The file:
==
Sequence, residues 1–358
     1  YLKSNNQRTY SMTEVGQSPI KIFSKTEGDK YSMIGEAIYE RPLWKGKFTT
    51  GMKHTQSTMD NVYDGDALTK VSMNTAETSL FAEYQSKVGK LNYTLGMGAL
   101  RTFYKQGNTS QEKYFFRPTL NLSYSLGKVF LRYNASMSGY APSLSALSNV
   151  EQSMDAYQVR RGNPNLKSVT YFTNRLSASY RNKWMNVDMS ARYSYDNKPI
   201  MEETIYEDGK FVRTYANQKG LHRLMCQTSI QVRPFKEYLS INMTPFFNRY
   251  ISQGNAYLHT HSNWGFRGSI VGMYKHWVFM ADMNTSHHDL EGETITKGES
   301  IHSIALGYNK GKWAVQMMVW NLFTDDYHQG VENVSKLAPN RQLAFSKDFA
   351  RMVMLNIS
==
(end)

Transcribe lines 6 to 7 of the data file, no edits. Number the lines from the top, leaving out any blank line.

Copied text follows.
   201  MEETIYEDGK FVRTYANQKG LHRLMCQTSI QVRPFKEYLS INMTPFFNRY
   251  ISQGNAYLHT HSNWGFRGSI VGMYKHWVFM ADMNTSHHDL EGETITKGES